Momofuku Noodle Bar- How much is your time worth? If your answer is, about a delicious noodle bowl’s worth, then you are in luck. One hour and fifteen minutes is the median wait at lunch on a holiday for a steaming hot bowl of David Chang’s famous ramen revolution. We toughed it out amongst the freezing hordes of pushy Manhattanites and tourists alike for our fair share of savory, inventive goodness. The pork buns were worth the wait alone. These buns were much lighter and fluffier than the average, with high quality hoisin-roasted pork belly accented perfectly by pickled cumbers and sriracha mayo. So many of his choices seem obvious yet rare around these parts: he combines high quality pork cuts with a decent variety of vegetables in his ramen. It’s not rocket science, or is it? Holy Chang, I’d do it again in a second.0
The five eating phases of moving to New York City:
Phase 1. Food Thrill-Seeking. Eat everything, everywhere. Make rookie mistakes, like grabbing a giant hoagie and attempting to eat it on the train. Three meals in a day translates into three new restaurants per day. The only rule is never eat at the same place twice. Enter a state of perpetual shock and awe with each exotic flavor. Discover a sixth taste, and name it “unctuami.” Gain 5-10 pounds, cancelling out increased level of daily activity. Render futile the term “walking it off.”
Phase 2. De-tox/Fruit and Vegetable Foraging. Spend the day planning a home-cooked meal and eating baby carrots. Switch to green tea. Discover the “salad bar” of pre-canned vegetables at sketchy and rudely staffed local chains such as Hale and Hearty or Chop’td. Become overwhelmed by starvation and restlessness on the subway ride home. Ditch all cooking plans. Discover vegan meatballs at ridiculously named vegetarian restaurant in your Brooklyn neighborhood. Buy a BPA-free water bottle in an attempt to lose “water weight.”
Phase 3. Setting Limits. Make declaration of Two Nights Out Per Week. Using simple math skills, add on days equal to Cook At Home Three Nights Per Week. x + Takeout = Cook on Sundays. Develop tricks of the locals such as buying a $2 bag of day-old bagels, to freeze and toast at one’s leisure. Rejoice at your adaptive abilities. Discover local parks and urban biking.
Phase 4. Becoming a Regular. Eat at the same establishment over 3 times in one month. Introduce yourself to the host and bartender. Purchase Rosetta Stone for Japanese, and introduce yourself again so you may be understood. Sit at a table, and then ask to be seated only at that table forever, sometimes waiting 1-3 hours for “your” table. Only eat after the dinner rush, or before the dinner rush. Order everything on the menu, decide on your favorite item, and continue to order that same item until it becomes known as your ‘usual’ meal. Smile hugely, and tip lavishly. Forget your cell phone and ask to use the restaurant’s landline. Get seated as an incomplete party, and while everyone stares anxiously at the empty seat, steadily order appetizers until the party is completed, and when you don’t get kicked out, declare victory.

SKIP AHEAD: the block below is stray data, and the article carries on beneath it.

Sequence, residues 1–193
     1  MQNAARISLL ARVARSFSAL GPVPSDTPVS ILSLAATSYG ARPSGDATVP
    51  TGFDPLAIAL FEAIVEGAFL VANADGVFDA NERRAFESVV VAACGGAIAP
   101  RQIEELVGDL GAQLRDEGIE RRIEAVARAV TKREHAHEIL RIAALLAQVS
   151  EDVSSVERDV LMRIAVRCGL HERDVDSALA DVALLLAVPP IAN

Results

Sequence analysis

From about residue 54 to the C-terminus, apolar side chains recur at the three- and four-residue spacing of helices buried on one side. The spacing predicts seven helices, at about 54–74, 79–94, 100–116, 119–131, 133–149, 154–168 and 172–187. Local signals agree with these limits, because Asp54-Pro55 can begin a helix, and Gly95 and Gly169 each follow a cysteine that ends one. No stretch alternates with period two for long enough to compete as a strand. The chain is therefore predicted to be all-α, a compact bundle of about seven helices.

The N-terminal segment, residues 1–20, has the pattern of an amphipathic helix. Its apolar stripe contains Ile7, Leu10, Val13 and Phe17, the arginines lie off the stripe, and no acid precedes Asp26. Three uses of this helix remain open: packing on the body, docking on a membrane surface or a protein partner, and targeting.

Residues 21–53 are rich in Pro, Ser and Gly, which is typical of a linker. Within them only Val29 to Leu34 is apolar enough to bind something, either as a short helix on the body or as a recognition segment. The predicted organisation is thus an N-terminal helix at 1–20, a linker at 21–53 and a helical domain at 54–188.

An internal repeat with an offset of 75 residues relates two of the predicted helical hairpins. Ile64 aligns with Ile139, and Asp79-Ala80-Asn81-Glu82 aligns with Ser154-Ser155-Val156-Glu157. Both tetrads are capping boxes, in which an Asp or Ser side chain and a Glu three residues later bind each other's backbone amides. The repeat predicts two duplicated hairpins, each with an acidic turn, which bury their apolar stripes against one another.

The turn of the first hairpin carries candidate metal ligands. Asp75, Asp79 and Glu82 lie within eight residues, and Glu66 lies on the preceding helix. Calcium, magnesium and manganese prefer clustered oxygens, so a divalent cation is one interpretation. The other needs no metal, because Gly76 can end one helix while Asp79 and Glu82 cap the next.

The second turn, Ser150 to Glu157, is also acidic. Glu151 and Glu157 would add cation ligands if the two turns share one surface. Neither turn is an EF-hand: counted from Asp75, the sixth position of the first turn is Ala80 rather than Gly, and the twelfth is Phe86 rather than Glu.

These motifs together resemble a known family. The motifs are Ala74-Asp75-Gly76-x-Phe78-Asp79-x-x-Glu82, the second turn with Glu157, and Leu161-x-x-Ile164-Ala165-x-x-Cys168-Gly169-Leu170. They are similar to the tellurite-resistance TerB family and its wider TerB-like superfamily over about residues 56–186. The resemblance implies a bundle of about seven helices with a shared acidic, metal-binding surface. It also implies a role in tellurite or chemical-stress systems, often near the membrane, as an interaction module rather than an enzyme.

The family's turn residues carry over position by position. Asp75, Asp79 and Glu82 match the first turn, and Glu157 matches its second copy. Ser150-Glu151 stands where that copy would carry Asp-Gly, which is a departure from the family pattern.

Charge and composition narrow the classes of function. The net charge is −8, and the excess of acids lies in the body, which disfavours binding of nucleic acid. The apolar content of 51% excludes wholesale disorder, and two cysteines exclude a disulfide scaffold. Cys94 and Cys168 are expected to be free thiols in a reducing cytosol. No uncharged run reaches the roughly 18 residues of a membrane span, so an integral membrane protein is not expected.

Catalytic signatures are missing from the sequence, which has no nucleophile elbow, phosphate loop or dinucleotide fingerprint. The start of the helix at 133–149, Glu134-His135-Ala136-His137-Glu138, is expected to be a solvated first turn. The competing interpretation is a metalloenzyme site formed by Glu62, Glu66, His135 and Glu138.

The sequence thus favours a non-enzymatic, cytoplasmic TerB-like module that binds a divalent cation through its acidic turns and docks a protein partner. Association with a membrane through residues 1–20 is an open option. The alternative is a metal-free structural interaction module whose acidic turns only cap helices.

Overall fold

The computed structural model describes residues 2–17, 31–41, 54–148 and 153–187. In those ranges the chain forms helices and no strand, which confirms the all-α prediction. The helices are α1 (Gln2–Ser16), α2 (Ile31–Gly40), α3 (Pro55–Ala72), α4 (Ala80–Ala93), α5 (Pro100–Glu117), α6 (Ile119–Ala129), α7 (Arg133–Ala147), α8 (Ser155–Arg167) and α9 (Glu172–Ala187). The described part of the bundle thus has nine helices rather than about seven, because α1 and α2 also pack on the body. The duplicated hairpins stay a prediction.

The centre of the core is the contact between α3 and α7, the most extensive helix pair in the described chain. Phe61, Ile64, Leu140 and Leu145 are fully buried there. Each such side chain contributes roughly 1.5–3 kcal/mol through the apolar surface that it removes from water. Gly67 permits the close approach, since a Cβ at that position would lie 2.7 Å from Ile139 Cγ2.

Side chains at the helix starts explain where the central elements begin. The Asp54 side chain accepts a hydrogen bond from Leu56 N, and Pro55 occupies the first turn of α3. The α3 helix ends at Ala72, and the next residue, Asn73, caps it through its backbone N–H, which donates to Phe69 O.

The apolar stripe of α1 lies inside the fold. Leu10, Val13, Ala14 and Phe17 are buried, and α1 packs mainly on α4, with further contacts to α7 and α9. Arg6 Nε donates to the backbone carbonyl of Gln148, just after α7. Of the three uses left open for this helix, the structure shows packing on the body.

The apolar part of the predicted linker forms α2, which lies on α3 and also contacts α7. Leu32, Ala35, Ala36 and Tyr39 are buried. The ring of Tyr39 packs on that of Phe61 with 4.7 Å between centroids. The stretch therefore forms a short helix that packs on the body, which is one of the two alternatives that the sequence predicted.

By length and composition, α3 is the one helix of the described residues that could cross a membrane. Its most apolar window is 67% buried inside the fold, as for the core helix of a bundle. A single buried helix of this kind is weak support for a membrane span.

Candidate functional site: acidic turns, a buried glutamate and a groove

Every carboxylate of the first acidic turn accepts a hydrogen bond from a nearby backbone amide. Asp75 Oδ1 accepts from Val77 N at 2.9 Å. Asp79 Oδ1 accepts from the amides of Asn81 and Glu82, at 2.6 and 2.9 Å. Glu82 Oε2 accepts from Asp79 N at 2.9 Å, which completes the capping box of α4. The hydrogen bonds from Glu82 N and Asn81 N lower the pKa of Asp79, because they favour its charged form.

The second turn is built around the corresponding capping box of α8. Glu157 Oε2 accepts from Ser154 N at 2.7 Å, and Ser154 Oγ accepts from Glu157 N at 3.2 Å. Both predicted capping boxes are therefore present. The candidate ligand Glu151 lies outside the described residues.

Phase 5. Joining the Park Slope Food Co-op. Discover fresh salads, soups, and sandwiches at the small, friendly caterers down the street from work. Discover wonderful, friendly local coffee shop near work. Learn about grocery store delivery. Begin to eat like a normal person. Visit the Union Square farmer’s market and discover a new heirloom variety of jerusalem artichoke (similar to the other, but in red!). While there, drink hot grape juice. After five straight months of forgetting to visit the website for the Park Slope Food Co-Op precisely at 4:00pm on Sunday exactly two weeks before you are able to attend an orientation, suddenly and without warning, remember. Anticipate this final phase, and wait for the moment (two weeks from 4pm Sunday) when you will be henceforth, a New Yorker.
Fit for a Fat Cat: Reviewing the Food at Occupied Wall Street
By Greg Vargo (and Kim Phillips-Fein)
There are lots of things you can do these days in Zuccotti Park, the tiny, non-descript sliver of cement planted with a few trees in Lower Manhattan that has become the crowded center of Occupy Wall Street, the 24-hour-a-day protest against economic injustice and inequality in modern America. You can participate in General Assemblies. You can listen to speeches or dance in drum circles. You can meditate with hundreds of other people. You can read poetry or grade papers (as I have). You can read books stored at the People’s Library or you can work on writing the Occupied Wall Street Journal. You can, of course, try to sleep under a tarp. And, you can eat damn well.
I’ve gone down to Occupy Wall Street a good bit over the last couple of weeks, and I can testify that some of the finest meals in town these days aren’t being served at the quiet, fancy of tables Per Se and Masa but at the narrow, low-slung bench in Zuccotti Park that is somehow managing to feed a thousand people (give or take) three meals a day. Staffed by about 10 volunteers, serving food donated to sustain the movement or purchased with the cash gifts that are rolling in, it seems like a tangible, secular version of the Biblical story of the loaves and the fishes: it’s a miracle that so much food is somehow appearing to feed so many.